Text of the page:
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The sins of Syngenta

New report calls for atrazine review

An important new report on atrazine was published yesterday and it's about time. Pesticide Action Network and Land Stewardship Project have brought together the science and farming communities to make a strong statement about the need for a new review of the herbicide atrazine and to outline alternatives for its use. I've followed the atrazine issue since it was revealed as an endocrine disruptor; it is banned in the European Union but remains an incredibly common herbicide in the United States. According to this New York Times story, atrazine causes the feminization of frogs at 0.1 parts per billion and …

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36 years and countless converts later....

More power, less roadkill: How one professor’s landscape has shifted

I took Environmental Studies 101 during my first college semester 20 years ago with Dick Andrus, a professor who has just marked 36 years of teaching at Binghamton University. I thought it'd be good to check back with him and see what he's talking about in that class now. Q. What are your new Envi 101 students like? They coming to the class more 'eco-savvy' than my class did? Andrus at work: still planting seeds of wisdom after thirty-six years.Vic LamoreuxA. I don't think so. They don't seem to connect much with environmental issues. They've done a lot of computer …

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Ah, the sweet smell of composting putrescents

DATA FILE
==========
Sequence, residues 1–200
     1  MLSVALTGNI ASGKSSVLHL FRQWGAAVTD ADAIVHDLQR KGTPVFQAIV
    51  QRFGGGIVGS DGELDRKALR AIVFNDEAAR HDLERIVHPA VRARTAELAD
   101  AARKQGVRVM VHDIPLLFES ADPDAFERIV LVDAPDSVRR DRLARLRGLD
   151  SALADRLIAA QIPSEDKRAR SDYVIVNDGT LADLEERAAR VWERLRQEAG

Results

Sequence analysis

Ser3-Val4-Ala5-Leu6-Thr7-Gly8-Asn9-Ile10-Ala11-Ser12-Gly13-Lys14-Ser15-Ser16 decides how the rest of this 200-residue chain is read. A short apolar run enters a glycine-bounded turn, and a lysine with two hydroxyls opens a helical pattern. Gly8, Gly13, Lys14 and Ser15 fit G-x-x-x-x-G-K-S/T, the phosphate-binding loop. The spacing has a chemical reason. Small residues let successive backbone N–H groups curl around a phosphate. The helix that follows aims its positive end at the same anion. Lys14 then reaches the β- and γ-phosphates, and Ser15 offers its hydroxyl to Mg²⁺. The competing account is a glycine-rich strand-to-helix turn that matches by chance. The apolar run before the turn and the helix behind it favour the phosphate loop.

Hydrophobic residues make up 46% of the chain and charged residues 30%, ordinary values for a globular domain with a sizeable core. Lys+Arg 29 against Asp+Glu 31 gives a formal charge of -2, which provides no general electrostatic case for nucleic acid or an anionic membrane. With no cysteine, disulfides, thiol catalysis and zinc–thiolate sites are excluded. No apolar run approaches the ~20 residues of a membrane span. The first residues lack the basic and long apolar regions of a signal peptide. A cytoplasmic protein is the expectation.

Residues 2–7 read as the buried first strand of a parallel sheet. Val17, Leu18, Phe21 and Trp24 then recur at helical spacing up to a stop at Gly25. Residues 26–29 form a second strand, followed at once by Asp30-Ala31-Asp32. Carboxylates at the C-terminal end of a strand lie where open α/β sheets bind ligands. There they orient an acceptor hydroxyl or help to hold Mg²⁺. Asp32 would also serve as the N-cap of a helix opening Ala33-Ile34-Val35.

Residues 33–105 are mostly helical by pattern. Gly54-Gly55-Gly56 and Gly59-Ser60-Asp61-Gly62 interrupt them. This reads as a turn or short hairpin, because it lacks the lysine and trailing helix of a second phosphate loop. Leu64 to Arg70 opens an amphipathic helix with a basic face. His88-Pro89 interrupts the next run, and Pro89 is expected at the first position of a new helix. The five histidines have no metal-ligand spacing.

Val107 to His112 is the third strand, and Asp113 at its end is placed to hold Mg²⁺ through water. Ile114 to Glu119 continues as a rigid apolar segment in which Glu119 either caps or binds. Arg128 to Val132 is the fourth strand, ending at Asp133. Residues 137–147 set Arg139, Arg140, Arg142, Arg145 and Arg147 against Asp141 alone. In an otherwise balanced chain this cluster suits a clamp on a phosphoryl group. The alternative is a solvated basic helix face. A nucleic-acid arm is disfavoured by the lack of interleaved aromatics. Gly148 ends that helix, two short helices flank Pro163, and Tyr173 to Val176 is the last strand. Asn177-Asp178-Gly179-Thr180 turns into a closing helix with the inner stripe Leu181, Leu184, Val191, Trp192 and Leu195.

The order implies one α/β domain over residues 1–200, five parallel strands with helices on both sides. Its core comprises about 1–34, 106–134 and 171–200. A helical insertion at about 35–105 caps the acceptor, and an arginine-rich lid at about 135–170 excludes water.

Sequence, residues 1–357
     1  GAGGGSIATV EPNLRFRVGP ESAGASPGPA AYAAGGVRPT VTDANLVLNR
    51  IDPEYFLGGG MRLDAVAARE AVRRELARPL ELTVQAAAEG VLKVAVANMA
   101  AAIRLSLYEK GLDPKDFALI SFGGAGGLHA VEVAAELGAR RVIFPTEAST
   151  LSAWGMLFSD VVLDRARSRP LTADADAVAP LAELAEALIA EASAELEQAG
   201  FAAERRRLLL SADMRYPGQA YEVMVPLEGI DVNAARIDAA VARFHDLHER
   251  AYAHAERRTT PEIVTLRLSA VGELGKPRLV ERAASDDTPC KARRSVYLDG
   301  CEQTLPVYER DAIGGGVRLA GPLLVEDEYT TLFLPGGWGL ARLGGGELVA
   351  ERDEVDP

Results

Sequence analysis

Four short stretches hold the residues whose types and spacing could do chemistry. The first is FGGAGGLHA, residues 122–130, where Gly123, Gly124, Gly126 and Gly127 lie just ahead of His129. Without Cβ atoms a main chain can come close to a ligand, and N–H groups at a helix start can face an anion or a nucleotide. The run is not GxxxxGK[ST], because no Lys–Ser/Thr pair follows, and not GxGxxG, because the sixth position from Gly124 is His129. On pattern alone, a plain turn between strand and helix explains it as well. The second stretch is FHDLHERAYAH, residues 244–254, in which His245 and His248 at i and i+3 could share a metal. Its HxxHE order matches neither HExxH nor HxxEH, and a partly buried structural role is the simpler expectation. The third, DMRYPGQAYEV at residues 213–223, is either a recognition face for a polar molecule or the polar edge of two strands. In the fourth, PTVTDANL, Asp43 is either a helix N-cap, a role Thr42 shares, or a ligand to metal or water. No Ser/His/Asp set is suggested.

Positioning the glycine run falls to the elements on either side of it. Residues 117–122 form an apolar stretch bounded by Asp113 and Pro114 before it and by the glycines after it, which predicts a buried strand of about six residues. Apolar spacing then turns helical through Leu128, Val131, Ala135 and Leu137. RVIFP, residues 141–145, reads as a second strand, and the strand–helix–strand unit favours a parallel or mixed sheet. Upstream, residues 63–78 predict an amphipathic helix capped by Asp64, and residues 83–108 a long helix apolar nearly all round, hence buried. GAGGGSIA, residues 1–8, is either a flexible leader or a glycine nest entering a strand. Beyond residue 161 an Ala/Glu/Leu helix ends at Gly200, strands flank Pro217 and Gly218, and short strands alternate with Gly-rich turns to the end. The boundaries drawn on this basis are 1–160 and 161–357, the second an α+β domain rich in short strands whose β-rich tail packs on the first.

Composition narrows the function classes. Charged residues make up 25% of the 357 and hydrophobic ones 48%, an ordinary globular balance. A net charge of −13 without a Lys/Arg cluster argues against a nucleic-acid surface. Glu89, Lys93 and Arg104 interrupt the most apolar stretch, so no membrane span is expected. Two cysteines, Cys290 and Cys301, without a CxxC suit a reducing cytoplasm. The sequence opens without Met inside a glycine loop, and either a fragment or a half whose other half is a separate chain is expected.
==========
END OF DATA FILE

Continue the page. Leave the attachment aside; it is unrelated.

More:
Black (fly) magic

Adult black soldier fly.blacksoldierflyblog.comBlack soldier fly larvae are all the rage in composting, and the star performer in a new kind of "ultimate vermicomposting" system. These critters will devour anything biological that you can throw at them, including items that normally cannot be composted and instead end up in the trash, so called 'putrescent' wastes like meat scraps and dairy. And what you wind up with is big fat delicious grubs, perfect food for chickens or fish in a charming and tasty backyard closed loop system. And on a larger scale, their culture could help towns and cities deal with …

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Octopus(sy) Galore

James Bond calls for more marine protected areas

There was unfortunate news from PEER recently that the Obamans/NOAA Chief Jane Lubchenco have no plans to consider new marine protected areas. She cited lack of funds as the reason. Hum. In an era where oceans are under so much pressure, we need to prioritize efforts proven to bring life back to the seas, like MPAs. They work. As Jennifer Jacquet points out at the Guilty Planet blog: Research by Callum Roberts et al. (2001) published in Science found: a network of five small reserves in St. Lucia increased adjacent catches of artisanal fishers by between 46 and 90%, depending …

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Bioreactor reaction

Gulf dead zone fix falls flat

It's good to see a big Midwest "land grant" agricultural program that's concerned about the Gulf Dead Zone, and upper Midwest farms' large contribution to it. But this release about a study underway at Iowa State University aiming to reduce nitrogen entering the Mississippi River from farm fields falls flat when you realize it's just a technical fix for the status quo of over-fertilized conventional commodity crops. Half of the nitrogen that makes it to the Gulf is from commercial fertilizer, and 15 percent is from livestock manure. The rest comes from wastewater treatment plants, industry, and rainfall, according to …

Read more: Food